5 Simple Rules for Avoiding Social Media Regrets

You’ve already put your profiles on private lockdown, and you know that some day your boss could end up finding that stuff. That’s amateur hour. How about all the other social media regrets that can crop up? Here are five simple rules for steering clear of them.

1) Let it stew for an hour — or a day — before you post. If it’s a funny and non-controversial cat video, please, by all means, post immediately. If it’s a really big deal thing to be saying out loud, something you’d have trouble standing in front of a class at school and saying… hold off a second. Impulses are like little brain itches that you just want to scratch RIGHT NOW, and social media is so, so always ON, we know. But if you can hold off on scratching for a little bit, the itch might die down and you might realize, “oh, actually, I don’t really need/want to say that.” It’s way easier to hold back when the itch has passed. This is ESPECIALLY true in arguments. So whenever you feel yourself typing especially angrily or coming up with the most horrible name to call someone — when you feel almost like there’s an itch you have to scratch — that’s a good time to put the phone or computer down and take a twenty minute walk. By the time you get back, your head may have cleared enough to make that post or reply seem not-worth-it.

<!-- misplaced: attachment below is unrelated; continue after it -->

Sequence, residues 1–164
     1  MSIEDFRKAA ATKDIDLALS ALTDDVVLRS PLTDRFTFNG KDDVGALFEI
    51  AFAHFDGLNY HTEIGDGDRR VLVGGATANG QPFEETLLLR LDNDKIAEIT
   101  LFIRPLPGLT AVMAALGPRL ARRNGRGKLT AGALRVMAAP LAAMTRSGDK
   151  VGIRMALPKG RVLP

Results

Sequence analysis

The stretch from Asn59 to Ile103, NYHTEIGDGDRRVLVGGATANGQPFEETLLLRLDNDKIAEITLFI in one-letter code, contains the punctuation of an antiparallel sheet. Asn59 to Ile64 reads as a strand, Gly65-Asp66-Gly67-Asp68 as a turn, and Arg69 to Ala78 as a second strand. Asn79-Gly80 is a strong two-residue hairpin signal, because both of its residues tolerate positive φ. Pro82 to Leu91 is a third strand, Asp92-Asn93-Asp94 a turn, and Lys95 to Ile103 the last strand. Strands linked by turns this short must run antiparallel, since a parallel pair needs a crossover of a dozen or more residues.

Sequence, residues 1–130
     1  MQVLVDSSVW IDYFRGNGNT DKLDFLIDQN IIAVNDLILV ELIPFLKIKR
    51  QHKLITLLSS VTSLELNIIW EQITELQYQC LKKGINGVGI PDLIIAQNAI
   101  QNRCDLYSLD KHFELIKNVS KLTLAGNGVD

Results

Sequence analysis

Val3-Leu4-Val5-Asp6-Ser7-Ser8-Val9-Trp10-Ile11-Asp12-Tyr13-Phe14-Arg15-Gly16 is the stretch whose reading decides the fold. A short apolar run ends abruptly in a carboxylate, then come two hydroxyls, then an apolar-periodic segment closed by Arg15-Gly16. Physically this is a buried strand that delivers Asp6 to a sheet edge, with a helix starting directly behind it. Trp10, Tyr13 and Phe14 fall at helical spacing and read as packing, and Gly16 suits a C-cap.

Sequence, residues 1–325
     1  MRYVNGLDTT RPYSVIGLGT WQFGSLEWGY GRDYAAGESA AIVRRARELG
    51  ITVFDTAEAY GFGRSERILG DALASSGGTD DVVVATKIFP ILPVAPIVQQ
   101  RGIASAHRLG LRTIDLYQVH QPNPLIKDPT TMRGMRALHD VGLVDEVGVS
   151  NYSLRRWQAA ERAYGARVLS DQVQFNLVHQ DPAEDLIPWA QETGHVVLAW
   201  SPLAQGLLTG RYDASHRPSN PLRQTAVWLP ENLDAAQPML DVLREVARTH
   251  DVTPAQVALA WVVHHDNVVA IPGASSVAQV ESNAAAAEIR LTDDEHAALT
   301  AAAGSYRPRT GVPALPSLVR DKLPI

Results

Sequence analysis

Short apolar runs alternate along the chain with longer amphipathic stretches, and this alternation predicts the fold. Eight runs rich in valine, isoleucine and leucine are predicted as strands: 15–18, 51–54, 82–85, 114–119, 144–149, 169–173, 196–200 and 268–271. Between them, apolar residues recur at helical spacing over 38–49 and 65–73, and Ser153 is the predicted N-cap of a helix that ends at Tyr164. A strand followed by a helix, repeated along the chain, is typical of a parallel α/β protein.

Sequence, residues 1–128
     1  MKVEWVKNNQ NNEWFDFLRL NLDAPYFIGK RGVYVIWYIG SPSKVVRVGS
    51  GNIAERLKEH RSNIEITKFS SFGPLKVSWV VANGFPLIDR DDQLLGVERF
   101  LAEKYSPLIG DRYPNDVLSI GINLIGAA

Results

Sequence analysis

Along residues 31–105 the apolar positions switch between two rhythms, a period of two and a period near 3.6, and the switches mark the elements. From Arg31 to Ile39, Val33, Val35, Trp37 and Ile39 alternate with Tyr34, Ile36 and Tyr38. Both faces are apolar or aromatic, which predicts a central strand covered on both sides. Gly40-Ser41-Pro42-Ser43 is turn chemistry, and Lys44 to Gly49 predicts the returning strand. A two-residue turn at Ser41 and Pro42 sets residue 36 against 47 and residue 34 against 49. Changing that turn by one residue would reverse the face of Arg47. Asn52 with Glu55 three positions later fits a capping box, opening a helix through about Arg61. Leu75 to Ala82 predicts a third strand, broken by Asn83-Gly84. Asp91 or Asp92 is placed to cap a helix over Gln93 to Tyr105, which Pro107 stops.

2) Be assertive. If you’re having a feeling you want to share, don’t vaguebook about it, just say it. If for some reason you don’t want to say it directly, maybe you don’t need to post about it.

3) Know your audience. If you’re the kind of person who’s “friends” with a bunch of people you don’t really know that well on social media, go through your list and pick out a handful of your connections who are the most unknown to you, or the people you are the most unsure about whether they’re good people or not. Make a list of those people and save it somewhere accessible. Then, whenever you’re about to post a particularly personal photo or sentiment, look at that list and ask yourself if you would want those people to have access to that thing. If the answer is no, skip the post. (Or change your requirements for friend request acceptance. Or make a more selective list and only post to that group.)

4) Forgive yourself. Making dumb mistakes on social media is pretty much a rite of passage. That doesn’t mean you shouldn’t be careful, but it does mean that if you do end up feeling embarrassed by one of your posts, you’re in the company of pretty much everyone else on the planet with a social media account. Oh well.

5) Admit your mistakes, and apologize when you mess up. No biggie, we all say things we regret. When you acknowledge that you did so, it really disarms people who might be angry about what you said. You can always delete the post and just say, “I said something when I was feeling heated that I didn’t really mean. I’m sorry.” If you can be willing to listen to the people who were hurt and apologize for hurting them specifically, even better.

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